A branch of VBS Mutual Bank in Thohoyandou, Limpopo. Picture: Antonio Muchave
A branch of VBS Mutual Bank in Thohoyandou, Limpopo. Picture: Antonio Muchave

In December 2017 the Vhembe District municipality mayor was pleading for a “Christmas” for her and the speaker of the municipality as they were the ones making sure the money deposited in the VBS Mutual Bank was kept by the bank for six months.

“Christmas” is often used in local lingo during the year-end holiday season to signal a request for a monetary gift.

The Reserve Bank placed VBS under curatorship in March after withdrawals by municipalities led to a cash crunch. The Bank then appointed a team of forensic investigators led by Werksmans Attorneys and advocate Terry Motau, to establish what exactly had precipitated the failure.

The forensic report describes a criminal enterprise led by executives of the bank who  were supposed to be its custodians, starting with the chair of VBS, Tshifhiwa Matodzi, who was identified as the kingpin. It recommends that they face criminal charges.

A WhatsApp message from politically connected middleman Kabelo Matsepe to Matodzi on December 20 2017 shows one example of the “rampant corruption and bribery that occured”, Motau said in his forensic report.

“We gave her 300k and she cried [local lingo for complained] and said we gave juniors R1.5m and we give her 300k.… We said we will consult with you and will sort her out on Friday morning … If we can let’s give her 1% or 2% on a level of trust because she did keep her promise that she will block the money from being withdrawn,” the rest of the brazen WhatsApp message reads.   

The report shows how bank executives allegedly bribed municipal officials to deposit public funds in VBS.

The deposits made by municipalities in Gauteng, Limpopo and the North West were only one facet of the sordid mess which has emerged from the dealings of the bank.

Read the full report

The report reveals that R3.4bn was deposited from January 27 2015 until the bank was placed under curatorship, and that payments made to municipalities amounted to just more than R2.3bn. On April 30, R1.2bn remained from 14 municipalities, and this amount included fees and interest.

The report found that VBS went on a “concerted and deliberate” campaign to attract “very substantial” deposits from the municipalities by paying “commissions” in order to solicit the deposits.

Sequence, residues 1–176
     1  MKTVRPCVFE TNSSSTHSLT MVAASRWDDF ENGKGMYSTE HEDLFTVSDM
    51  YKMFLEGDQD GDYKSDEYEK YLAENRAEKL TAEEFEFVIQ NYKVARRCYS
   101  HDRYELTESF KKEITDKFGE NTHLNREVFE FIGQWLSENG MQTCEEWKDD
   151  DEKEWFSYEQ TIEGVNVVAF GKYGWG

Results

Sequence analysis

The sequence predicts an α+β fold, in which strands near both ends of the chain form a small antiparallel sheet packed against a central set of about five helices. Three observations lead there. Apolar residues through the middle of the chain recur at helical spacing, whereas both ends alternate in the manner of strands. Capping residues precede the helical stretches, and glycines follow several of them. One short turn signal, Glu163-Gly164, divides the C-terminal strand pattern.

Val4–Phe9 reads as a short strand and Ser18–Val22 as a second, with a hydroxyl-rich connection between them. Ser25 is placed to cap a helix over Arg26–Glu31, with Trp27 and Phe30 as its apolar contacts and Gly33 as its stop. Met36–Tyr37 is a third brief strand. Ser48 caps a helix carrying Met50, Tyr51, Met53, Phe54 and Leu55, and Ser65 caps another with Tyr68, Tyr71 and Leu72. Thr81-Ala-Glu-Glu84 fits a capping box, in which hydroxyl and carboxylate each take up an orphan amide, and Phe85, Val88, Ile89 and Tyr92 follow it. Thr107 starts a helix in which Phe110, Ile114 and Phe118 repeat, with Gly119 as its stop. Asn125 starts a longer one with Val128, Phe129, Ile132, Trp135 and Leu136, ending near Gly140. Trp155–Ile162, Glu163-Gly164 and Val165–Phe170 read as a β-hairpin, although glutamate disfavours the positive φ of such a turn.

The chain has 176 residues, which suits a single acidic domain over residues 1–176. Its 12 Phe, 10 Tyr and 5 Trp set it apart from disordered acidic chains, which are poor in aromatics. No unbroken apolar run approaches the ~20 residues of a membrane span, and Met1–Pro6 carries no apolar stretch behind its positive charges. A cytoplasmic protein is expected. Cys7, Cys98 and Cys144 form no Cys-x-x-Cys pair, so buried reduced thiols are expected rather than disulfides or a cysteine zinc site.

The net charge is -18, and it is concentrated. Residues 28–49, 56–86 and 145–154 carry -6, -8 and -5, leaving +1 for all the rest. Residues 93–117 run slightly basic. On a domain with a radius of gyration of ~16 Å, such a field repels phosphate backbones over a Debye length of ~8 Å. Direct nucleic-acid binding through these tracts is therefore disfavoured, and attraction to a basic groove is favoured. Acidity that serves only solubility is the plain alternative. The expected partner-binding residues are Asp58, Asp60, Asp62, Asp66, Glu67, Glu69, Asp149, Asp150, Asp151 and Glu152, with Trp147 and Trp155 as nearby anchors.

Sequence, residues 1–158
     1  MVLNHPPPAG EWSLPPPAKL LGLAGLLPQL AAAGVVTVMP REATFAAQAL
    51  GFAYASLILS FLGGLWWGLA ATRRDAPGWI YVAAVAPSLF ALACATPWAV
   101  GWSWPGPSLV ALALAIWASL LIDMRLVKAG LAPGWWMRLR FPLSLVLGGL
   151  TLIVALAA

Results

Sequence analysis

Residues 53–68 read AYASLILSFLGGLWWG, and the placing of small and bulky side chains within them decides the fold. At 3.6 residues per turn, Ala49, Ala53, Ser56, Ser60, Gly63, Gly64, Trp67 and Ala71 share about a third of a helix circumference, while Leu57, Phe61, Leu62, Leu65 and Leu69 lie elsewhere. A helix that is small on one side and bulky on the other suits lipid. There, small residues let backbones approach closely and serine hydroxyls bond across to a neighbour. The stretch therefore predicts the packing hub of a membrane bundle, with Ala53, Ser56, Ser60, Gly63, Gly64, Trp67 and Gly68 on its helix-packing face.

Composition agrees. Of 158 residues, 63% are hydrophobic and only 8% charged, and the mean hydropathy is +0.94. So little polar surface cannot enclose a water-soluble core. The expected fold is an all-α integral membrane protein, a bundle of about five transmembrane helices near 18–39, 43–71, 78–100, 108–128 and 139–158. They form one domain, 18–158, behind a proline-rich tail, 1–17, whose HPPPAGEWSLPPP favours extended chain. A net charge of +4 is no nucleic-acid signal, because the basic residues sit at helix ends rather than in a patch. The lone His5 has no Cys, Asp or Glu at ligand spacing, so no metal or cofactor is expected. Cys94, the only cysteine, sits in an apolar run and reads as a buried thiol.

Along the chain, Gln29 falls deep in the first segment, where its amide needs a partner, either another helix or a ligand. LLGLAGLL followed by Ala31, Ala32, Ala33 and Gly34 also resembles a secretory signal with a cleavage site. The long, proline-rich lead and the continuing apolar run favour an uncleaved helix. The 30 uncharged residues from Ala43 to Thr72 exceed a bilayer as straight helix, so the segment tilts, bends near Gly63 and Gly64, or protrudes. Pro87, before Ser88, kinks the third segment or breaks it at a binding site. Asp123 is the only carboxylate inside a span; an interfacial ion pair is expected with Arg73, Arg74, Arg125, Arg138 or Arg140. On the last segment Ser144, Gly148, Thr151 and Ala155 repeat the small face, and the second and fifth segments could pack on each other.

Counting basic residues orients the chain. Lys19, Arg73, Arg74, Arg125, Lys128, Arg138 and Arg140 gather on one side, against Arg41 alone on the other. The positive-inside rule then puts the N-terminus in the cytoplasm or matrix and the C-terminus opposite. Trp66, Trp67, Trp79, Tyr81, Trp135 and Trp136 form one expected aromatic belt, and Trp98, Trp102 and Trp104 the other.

Andile Ramavhunga, CEO of the bank, testified that there was “nothing at all wrong” with the bank paying commissions to middlemen to solicit the deposits, but denied that he had any knowledge of bribes being paid to municipal officials to make deposits with VBS or to roll over funds that were due for repayment to the municipalities.

Phophi Mukhodobwane, GM of the treasury at VBS, gave more detailsof the “commissions”, saying in some cases agreements were in place to give a 2% commission of the sum deposited. The bank kept records  of these commissions, in invoices as well as on e-mail.

He said there was initially no direct contact between VBS and the municipalities, and that all payments were made to the consultants, who would then deal with the payment to the officials in question. However, he testified about a municipal official who complained that he had only received “a can of Coke” for his efforts, while the consultant raked in R1m.

From that point onwards the bank started making direct payments to officials, whom the report said were mainly dealt with by Ntendeni Nemabubuni, who is the GM of sales at VBS. However, it was impossible for VBS to cut out the consultants, who Mukhodobwane said had political ties to “very powerful people” within the ANC structures in the particular region.

On one occasion the acting CFO of the Capricorn District municipality, Mariette Venter, had resisted depositing money at VBS and demanded that the funds be returned, since municipalities were not allowed to deposit money in mutual banks in terms of the Municipal Finance Management Act.

But she was accused of just being a “white lady” who had an issue of banking with a black bank. The report said she stood firm, and the municipality stopped making any new deposits at the bank, and it ended up as one of a few municipalities in Limpopo not in “serious financial difficulty” after VBS was placed under curatorship.

Players such as Matsepe scored big in the process of effectively bribing officials. The report details that his company, Moshate Investments Group,  received R27m for doing “consulting” work for the bank. He testified that he was paid commission by virtue of initial introductions he made at the Ranch Hotel in Polokwane between mayors, municipal managers and CFOs of municipalities and VBS.

The biggest losers are the residents of some of the country’s poorest municipalities, which had to table budgets without the money they had deposited. It is unclear if and when they would ever see it again.